Dentists are ideally placed to spot undiagnosed cases of diabetes because of an often overlooked link between diabetes and gum disease, a two-day practical workshop held at Weill Cornell Medicine-Qatar (WCM-Q) heard.
Visiting expert Dr. Hatem Algraffee, a specialist periodontist and lecturer based in London, explained that diabetes patients have an increased risk of suffering gum disease.
Speaking at the Periodontal Disease: From Screening to Management workshop at WCM-Q, Dr. Algraffee said: “The prevalence of diabetes across the Gulf region is high and growing, and it is estimated that up to 40 percent of cases remain undiagnosed.
“Because gum disease is more common among diabetes patients, dentists have a key role to play in helping to identify those who might have undiagnosed diabetes. Dentists should refer patients with gum disease to physicians to be tested for diabetes, and physicians should refer diabetes patients to dentist to help treat or prevent gum disease. Working in tandem like this will allow us to provide better overall care and identify some cases of diabetes that have been missed.”
Coordinated by WCM-Q’s Division of Continuing Professional Development, the workshop offered dentists, dental nurses, dental assistants and oral hygienists practical instruction on a wide range of issues related to periodontal disease.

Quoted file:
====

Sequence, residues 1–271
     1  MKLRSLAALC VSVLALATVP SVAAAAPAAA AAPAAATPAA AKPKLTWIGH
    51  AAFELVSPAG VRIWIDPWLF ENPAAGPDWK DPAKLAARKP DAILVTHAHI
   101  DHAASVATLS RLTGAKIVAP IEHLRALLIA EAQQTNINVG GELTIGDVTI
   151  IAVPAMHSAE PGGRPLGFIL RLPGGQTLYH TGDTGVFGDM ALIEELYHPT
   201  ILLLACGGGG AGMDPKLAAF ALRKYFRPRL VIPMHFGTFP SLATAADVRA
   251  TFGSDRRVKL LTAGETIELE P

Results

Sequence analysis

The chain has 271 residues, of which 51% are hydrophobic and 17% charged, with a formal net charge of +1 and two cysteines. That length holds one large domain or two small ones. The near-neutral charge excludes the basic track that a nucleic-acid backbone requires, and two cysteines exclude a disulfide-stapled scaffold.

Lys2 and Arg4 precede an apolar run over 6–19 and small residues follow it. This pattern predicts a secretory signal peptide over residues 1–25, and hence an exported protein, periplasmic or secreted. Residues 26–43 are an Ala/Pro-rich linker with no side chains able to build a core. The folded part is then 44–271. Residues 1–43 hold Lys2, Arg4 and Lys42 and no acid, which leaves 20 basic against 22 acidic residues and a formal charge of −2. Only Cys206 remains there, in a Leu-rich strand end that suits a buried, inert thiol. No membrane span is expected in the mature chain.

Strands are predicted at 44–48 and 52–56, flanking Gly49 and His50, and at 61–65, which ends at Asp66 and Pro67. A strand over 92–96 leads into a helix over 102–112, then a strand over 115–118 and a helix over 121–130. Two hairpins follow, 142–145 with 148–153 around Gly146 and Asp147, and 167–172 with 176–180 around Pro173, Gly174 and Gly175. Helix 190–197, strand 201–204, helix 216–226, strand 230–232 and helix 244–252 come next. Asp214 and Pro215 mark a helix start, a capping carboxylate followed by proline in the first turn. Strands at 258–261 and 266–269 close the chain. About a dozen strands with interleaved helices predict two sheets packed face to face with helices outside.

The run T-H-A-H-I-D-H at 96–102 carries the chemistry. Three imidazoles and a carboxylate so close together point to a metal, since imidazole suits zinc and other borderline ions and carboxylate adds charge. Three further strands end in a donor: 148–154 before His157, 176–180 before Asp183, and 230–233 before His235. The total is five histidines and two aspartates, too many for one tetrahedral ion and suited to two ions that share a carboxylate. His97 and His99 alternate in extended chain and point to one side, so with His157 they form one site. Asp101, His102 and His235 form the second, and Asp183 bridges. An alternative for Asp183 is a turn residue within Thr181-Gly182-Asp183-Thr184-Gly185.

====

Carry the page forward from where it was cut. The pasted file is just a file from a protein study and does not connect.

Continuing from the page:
These included how to screen and assess patients with periodontal disease, how to identify a tooth affected by periodontal disease, and strategies for coordinating successful treatment plans. There were also discussions about the prevalence of diabetes and its association with periodontal disease and a demonstration of techniques that can be used to address periodontal disease.
Ms. Deema Al-Sheikhly, Director of Continuing Professional Development at WCM-Q, said: “We are delighted to welcome such a well-qualified specialist periodontist as Dr. Algraffee to WCM-Q to offer dental health professionals in Qatar the most up-to-date practical guidance on periodontal screening and treatment. It is extremely important to take periodontal disease seriously, not only to protect oral health, but also to help identify undiagnosed diabetes.”
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